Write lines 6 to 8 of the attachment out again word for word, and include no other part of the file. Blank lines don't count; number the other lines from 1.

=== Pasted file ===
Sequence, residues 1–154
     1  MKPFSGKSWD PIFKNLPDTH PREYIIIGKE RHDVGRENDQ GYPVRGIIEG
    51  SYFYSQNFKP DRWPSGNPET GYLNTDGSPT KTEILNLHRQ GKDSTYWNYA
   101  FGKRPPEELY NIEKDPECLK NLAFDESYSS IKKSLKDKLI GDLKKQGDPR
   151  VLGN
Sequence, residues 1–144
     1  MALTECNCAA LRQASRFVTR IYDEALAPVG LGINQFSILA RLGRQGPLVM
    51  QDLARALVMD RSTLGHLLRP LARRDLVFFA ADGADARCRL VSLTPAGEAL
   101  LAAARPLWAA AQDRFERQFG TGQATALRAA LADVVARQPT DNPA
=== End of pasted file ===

Sequence, residues 1–144
     1  MALTECNCAA LRQASRFVTR IYDEALAPVG LGINQFSILA RLGRQGPLVM
    51  QDLARALVMD RSTLGHLLRP LARRDLVFFA ADGADARCRL VSLTPAGEAL